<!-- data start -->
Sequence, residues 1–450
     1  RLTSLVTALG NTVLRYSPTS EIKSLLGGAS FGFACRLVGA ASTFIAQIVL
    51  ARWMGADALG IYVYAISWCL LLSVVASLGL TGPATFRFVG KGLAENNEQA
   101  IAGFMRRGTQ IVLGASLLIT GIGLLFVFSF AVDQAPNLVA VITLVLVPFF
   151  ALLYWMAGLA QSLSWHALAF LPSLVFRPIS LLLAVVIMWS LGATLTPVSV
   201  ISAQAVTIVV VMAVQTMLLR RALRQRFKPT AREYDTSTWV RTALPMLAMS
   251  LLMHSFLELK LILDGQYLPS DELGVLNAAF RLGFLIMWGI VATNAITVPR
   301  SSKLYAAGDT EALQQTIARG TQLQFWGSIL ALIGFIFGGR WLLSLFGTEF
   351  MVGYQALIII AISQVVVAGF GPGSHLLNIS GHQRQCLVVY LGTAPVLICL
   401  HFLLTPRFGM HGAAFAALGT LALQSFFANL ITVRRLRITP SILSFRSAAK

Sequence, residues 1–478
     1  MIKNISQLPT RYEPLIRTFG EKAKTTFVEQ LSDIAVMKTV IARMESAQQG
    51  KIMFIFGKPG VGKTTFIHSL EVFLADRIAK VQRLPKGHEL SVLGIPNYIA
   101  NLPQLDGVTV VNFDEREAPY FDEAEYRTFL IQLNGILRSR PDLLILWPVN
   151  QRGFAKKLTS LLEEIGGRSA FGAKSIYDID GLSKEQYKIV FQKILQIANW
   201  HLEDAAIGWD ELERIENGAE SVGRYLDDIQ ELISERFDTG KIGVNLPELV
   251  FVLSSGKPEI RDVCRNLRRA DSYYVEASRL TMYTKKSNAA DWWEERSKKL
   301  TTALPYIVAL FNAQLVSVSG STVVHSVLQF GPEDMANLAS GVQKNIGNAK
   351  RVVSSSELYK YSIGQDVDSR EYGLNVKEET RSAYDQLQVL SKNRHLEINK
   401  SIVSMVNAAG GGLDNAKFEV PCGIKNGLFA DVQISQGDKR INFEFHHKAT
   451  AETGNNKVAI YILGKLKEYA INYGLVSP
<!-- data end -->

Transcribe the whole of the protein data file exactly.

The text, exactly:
Sequence, residues 1–450
     1  RLTSLVTALG NTVLRYSPTS EIKSLLGGAS FGFACRLVGA ASTFIAQIVL
    51  ARWMGADALG IYVYAISWCL LLSVVASLGL TGPATFRFVG KGLAENNEQA
   101  IAGFMRRGTQ IVLGASLLIT GIGLLFVFSF AVDQAPNLVA VITLVLVPFF
   151  ALLYWMAGLA QSLSWHALAF LPSLVFRPIS LLLAVVIMWS LGATLTPVSV
   201  ISAQAVTIVV VMAVQTMLLR RALRQRFKPT AREYDTSTWV RTALPMLAMS
   251  LLMHSFLELK LILDGQYLPS DELGVLNAAF RLGFLIMWGI VATNAITVPR
   301  SSKLYAAGDT EALQQTIARG TQLQFWGSIL ALIGFIFGGR WLLSLFGTEF
   351  MVGYQALIII AISQVVVAGF GPGSHLLNIS GHQRQCLVVY LGTAPVLICL
   401  HFLLTPRFGM HGAAFAALGT LALQSFFANL ITVRRLRITP SILSFRSAAK

Sequence, residues 1–478
     1  MIKNISQLPT RYEPLIRTFG EKAKTTFVEQ LSDIAVMKTV IARMESAQQG
    51  KIMFIFGKPG VGKTTFIHSL EVFLADRIAK VQRLPKGHEL SVLGIPNYIA
   101  NLPQLDGVTV VNFDEREAPY FDEAEYRTFL IQLNGILRSR PDLLILWPVN
   151  QRGFAKKLTS LLEEIGGRSA FGAKSIYDID GLSKEQYKIV FQKILQIANW
   201  HLEDAAIGWD ELERIENGAE SVGRYLDDIQ ELISERFDTG KIGVNLPELV
   251  FVLSSGKPEI RDVCRNLRRA DSYYVEASRL TMYTKKSNAA DWWEERSKKL
   301  TTALPYIVAL FNAQLVSVSG STVVHSVLQF GPEDMANLAS GVQKNIGNAK
   351  RVVSSSELYK YSIGQDVDSR EYGLNVKEET RSAYDQLQVL SKNRHLEINK
   401  SIVSMVNAAG GGLDNAKFEV PCGIKNGLFA DVQISQGDKR INFEFHHKAT
   451  AETGNNKVAI YILGKLKEYA INYGLVSP